Earlier this year, the World’s longest underwater cave system was discovered in Tulum, Mexico. More recently, an archaeological mission to the site has revealed a stunning site frozen in time by the water and sediment.
WATCH: Archaeologists who have been exploring the world’s largest underwater cave in Mexico, present their findings pic.twitter.com/551WbtFPf5
— AFP news agency (@AFP) February 20, 2018
Researchers from the Gran Acuifero Maya (GAM) exploration and preservation group presented ancient relics recovered from the site, including fossils of a type of ancient elephant, giant sloths and a shrine to a Mayan god. It’s believed that desperate animals ventured into the caves in search of water at times of severe drought, some of which then became trapped.
“It’s very unlikely that there is another site in the world with these characteristics. There is an impressive amount of archaeological artifacts inside, and the level of preservation is also impressive,” Guillermo de Anda, an underwater archaeologist, told a press conference earlier this year.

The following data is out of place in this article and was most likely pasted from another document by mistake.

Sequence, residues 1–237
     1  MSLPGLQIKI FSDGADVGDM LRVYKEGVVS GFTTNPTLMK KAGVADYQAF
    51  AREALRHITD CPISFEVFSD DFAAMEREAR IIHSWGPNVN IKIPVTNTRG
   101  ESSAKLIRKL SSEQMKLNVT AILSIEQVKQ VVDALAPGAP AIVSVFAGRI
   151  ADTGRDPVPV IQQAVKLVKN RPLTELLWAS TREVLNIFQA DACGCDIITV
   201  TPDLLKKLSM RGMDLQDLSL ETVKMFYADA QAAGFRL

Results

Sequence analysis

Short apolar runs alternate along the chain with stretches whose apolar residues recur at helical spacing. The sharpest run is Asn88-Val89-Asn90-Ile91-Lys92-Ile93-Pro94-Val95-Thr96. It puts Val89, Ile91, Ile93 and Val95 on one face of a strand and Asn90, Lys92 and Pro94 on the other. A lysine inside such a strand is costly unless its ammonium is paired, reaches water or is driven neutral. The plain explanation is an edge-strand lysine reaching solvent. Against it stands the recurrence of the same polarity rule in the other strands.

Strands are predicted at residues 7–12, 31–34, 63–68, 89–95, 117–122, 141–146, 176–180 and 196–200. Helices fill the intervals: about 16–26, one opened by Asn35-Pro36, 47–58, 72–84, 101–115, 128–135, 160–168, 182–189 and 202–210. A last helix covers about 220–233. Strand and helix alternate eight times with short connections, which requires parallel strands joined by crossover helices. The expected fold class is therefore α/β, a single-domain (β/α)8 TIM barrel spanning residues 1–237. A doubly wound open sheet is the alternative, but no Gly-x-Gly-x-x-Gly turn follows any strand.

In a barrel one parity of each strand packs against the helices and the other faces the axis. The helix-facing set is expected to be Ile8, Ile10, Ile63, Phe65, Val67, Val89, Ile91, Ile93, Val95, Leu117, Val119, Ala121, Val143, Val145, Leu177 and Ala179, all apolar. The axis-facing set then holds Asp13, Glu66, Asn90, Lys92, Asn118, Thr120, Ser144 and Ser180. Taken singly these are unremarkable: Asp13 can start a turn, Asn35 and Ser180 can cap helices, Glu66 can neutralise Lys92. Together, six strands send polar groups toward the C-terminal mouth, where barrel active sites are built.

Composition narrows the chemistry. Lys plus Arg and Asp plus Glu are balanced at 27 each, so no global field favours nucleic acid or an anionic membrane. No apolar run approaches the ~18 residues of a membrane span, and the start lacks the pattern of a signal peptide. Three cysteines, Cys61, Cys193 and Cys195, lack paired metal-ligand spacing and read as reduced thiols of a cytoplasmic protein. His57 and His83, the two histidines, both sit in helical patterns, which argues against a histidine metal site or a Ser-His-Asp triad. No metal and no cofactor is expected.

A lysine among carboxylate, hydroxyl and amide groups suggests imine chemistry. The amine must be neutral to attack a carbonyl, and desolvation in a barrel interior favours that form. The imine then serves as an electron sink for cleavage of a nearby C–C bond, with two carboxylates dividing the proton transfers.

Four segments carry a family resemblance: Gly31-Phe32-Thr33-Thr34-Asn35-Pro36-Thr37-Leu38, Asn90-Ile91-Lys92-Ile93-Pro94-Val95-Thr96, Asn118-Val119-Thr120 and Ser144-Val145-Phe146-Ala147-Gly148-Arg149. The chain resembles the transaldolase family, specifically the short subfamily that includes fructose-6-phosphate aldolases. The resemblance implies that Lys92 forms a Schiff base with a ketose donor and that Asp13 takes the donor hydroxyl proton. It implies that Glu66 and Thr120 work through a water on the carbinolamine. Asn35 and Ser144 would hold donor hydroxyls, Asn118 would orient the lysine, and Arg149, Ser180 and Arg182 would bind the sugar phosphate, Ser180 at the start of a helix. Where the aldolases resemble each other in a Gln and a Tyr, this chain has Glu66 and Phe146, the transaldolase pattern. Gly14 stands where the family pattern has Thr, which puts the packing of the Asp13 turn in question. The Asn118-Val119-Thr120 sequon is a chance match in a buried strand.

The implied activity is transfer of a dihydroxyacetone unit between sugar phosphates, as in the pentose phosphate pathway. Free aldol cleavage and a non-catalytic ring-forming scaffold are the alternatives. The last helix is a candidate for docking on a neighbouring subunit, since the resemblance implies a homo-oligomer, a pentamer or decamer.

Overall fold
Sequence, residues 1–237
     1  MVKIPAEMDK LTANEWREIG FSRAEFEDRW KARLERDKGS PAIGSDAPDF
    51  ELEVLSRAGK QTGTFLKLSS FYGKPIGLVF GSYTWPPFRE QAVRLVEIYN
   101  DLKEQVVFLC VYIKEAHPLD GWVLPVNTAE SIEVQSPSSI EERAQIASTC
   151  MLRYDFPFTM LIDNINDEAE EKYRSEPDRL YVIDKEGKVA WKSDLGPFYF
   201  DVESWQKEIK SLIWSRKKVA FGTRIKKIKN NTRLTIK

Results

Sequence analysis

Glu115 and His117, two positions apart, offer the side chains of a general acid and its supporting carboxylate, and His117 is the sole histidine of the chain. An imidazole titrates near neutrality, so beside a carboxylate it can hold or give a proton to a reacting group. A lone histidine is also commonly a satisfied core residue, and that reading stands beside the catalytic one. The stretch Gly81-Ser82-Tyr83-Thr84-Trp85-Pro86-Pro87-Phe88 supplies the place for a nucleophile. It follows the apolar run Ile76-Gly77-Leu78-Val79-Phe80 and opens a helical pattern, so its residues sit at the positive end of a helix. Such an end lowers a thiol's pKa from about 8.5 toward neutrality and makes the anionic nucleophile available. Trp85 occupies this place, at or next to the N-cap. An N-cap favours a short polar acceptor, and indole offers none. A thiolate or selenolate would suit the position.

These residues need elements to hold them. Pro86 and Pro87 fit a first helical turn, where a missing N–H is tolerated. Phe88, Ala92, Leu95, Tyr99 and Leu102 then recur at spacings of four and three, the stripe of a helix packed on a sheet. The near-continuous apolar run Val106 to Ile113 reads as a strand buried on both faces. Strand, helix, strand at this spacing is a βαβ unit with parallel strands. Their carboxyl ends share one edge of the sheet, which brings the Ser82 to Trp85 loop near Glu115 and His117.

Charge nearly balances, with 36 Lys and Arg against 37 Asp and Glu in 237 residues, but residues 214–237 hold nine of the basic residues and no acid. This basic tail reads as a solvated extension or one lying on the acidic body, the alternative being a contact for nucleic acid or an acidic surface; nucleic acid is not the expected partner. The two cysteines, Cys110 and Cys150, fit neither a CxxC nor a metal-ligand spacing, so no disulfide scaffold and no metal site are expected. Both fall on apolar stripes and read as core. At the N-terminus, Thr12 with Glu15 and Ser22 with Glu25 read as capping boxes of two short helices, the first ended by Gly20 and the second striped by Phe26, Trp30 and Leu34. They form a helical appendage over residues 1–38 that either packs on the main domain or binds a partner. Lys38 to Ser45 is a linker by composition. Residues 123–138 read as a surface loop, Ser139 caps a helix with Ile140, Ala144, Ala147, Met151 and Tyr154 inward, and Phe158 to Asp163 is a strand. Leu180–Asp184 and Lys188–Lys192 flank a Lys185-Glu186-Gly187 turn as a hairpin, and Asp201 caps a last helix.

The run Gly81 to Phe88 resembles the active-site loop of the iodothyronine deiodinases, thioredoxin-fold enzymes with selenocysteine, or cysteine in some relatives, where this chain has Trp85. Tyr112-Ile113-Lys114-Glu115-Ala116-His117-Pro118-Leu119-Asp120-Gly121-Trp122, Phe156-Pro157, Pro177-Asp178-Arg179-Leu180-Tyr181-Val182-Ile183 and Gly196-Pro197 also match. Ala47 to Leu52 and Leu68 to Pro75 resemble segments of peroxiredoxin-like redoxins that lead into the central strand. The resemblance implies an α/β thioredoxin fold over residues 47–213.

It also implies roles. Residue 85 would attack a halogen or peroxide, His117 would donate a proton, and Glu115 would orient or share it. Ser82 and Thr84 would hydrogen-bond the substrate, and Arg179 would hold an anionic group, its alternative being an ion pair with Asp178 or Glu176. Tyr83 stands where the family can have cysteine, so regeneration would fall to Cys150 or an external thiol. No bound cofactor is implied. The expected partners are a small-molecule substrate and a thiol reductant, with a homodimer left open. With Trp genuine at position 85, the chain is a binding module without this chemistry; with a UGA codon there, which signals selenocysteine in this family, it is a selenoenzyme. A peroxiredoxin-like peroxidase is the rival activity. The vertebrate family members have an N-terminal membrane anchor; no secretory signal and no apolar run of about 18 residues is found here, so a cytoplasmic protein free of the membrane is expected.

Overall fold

Two networks of underwater caves, known as the Sac Actun and Dos Ojos, totalling 350km (217 miles) in length were discovered in Mexico’s Yucatan peninsula. They were found to intersect at a natural pit or sinkhole, known as a cenote, in a jungle area of the coastal town of Tulum. It is hoped that the remains found within these networks will help scientists develop a picture of the cave’s history, which they believe dates back more than 2.5 million years to the Pleistocene era.
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